The Taking and Displaying of Human Body Parts as Trophies by Amerindians

  • RICHARD J. CHACON
  • David H. Dye

Part of the INTERDISCIPLINARY CONTRIBUTIONS TO ARCHAEOLOGY book series (IDCA)

Table of contents

  1. Front Matter
    Pages I-XVII
  2. North America

    1. Front Matter
      Pages I-XVII
    2. WILLIAM WOODWORTH
      Pages 3-4
    3. RICHARD J. CHACON, DAVID H. DYE
      Pages 5-31
    4. HERBERT D. G. MASCHNER, KATHERINE L. REEDY-MASCHNER
      Pages 32-44
    5. JOAN A. LOVISEK
      Pages 45-64
    6. POLLY SCHAAFSMA
      Pages 90-123
    7. DOUGLAS W. OWSLEY, KARIN S. BRUWELHEIDE, LAURIE E. BURGESS, WILLIAM T. BILLECK
      Pages 124-166
    8. MARK F. SEEMAN
      Pages 167-189
    9. JAMES A. BROWN, DAVID H. DYE
      Pages 278-298
    10. KEITH P. JACOBI
      Pages 299-338
    11. NANCY A. ROSS-STALLINGS
      Pages 339-370
  3. Latin America

    1. Front Matter
      Pages I-XVII
    2. ALBERTO ESQUIT-CHOY
      Pages 373-376
    3. RUBÉN G. MENDOZA
      Pages 400-443

About this book

Introduction

The Amerindian (American Indian or Native American – reference to both North and South America) practice of taking and displaying various body parts as trophies has long intrigued both the research community as well as the public. As a subject that is both controversial and politically charged, it has also come under attack as a European colonists’ perspective intended to denigrate native peoples.

What this collection demonstrates is that the practice of trophy-taking predates European contact in the Americas but was also practiced in other parts of the world (Europe, Africa, Asia) and has been practiced prehistorically, historically and up to and including the twentieth century.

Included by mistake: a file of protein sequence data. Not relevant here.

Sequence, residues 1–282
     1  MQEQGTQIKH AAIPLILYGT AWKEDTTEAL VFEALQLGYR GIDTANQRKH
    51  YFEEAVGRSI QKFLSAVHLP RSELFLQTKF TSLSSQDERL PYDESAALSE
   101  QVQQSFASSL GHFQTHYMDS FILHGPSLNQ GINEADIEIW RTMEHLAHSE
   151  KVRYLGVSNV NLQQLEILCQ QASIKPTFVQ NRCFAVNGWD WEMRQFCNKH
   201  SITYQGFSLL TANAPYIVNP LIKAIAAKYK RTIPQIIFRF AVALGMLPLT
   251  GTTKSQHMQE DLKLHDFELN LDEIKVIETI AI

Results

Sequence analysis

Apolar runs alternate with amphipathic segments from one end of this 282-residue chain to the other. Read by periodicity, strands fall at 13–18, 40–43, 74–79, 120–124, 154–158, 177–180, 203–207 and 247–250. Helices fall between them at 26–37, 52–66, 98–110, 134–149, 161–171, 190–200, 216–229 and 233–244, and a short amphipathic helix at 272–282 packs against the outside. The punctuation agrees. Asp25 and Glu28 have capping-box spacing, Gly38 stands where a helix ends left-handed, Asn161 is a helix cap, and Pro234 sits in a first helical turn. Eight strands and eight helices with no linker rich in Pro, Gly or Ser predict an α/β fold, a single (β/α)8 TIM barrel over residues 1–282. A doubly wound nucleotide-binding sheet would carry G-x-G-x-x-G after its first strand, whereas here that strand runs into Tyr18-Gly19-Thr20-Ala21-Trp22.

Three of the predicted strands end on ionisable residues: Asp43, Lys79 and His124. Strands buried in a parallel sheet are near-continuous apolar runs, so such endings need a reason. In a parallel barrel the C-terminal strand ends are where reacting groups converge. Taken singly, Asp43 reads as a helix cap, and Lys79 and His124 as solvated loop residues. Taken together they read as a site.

This edited volume mainly focuses on this practice in both North and South America. The editors and contributors (which include Native Peoples from both continents) examine the evidence and causes of Amerindian trophy taking as reflected in osteological, archaeological, ethnohistoric and ethnographic accounts. Additionally, they present objectively and discuss dispassionately the topic of human proclivity toward ritual violence.

Keywords

Amerindian Archaic period in North America Evolution Glas Human trophy taking Mesoamerica North and South America Ritual Vor- und Frühgeschichte complexity inca mayans native peoples

Editors and affiliations

  • RICHARD J. CHACON
    • 1
  • David H. Dye
    • 2
  1. 1.Department of Sociology and AnthropologyWinthrop UniversityUSA
  2. 2.Department of Earth SciencesUniversity of MemphisMemphisUSA

Bibliographic information

  • DOI https://doi.org/10.1007/978-0-387-48303-0
  • Copyright Information Springer 2007
  • Publisher Name Springer, Boston, MA
  • eBook Packages Humanities, Social Sciences and Law
  • Print ISBN 978-0-387-48300-9
  • Online ISBN 978-0-387-48303-0
  • Series Print ISSN 1568-2722
  • About this book